The first symptom, that trimmer capacitor labeled "30B" had no effect on the tuning of the receiver sensitivity, was a bit tricky to find but was easy to fix. By studying the schematics closely, I determined that trimmer capacitor "30B" was actually C4 on the KXB3080 PC Board and that the wires labeled "A" and "B" in the assembly instructions placed C4 in parallel with KX1 trimmer "20A" when 30M was selected.

Click to enlarge

Armed with this information, I decided to see if trimmer "20A" had any effect on 30M receiver sensitivity. A quick test confirmed that trimmer "20A" did, indeed, affect 30M receiver sensitivity. Thus, either trimmer "30B" must be defective or there must be a wiring error.

A very close inspection of the completed circuit board showed that I had a wiring error. The photo on the left is the same one shown above under KXB3080 Part II. The red arrow shows wire "B" as initially installed and the green arrow shows where wire "B" should actually be terminated.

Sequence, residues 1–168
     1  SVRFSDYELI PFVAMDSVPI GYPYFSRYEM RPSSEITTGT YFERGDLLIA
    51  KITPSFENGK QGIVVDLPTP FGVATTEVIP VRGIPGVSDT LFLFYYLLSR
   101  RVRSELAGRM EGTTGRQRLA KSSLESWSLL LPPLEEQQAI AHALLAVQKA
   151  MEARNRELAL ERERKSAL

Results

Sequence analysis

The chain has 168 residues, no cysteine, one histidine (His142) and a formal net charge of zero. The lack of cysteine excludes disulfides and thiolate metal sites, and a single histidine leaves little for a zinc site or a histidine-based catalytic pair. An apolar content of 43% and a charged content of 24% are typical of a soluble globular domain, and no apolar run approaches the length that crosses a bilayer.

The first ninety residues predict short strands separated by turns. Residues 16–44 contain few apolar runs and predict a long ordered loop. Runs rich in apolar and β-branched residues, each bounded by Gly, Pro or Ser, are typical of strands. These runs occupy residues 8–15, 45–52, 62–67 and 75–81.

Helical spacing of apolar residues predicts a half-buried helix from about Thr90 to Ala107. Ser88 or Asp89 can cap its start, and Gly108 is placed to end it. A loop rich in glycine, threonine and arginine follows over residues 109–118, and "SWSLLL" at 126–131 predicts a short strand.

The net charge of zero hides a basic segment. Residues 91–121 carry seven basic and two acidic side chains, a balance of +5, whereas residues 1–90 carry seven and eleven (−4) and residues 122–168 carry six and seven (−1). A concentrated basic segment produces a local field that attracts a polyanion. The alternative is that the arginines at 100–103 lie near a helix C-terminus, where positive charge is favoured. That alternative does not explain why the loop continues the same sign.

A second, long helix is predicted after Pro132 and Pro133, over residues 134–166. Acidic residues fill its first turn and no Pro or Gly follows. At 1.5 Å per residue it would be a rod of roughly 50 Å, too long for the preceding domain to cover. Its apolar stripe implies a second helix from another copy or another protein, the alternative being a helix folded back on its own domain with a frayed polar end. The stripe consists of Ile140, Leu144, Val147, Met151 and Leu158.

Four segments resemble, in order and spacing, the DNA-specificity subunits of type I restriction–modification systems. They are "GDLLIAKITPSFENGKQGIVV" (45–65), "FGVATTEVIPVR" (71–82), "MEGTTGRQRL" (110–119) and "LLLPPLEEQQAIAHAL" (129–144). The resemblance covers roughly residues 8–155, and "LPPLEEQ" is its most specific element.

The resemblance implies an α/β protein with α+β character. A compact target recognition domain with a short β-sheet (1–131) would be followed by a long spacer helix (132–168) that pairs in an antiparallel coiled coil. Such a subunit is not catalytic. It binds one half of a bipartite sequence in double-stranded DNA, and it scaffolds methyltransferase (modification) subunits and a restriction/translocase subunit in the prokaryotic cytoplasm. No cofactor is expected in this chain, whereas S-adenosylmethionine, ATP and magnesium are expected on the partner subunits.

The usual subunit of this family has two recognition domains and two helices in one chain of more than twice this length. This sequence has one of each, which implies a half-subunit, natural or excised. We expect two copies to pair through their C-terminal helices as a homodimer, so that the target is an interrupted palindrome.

After removing wire "B" from the incorrect terminal and terminating it correctly, the 30M tuning problem was solved and the receiver was working very well on all 4 bands - 80M, 40M, 30M, and 20M.

Working to solve a "Low Power Output" Problem:

With the receiver working quite well, I started concentrating on the low power output symptoms. I was getting only 1-2 Watts output on 40M and 20M and a bit over 3 Watts output on 30M and 80M. Some advice from Don Wilhelm, W3FPR, fairly quickly had me concentrating on the Low Pass Filter (LPF) PC assembly that had been the very final steps of the KXB3080 option modification.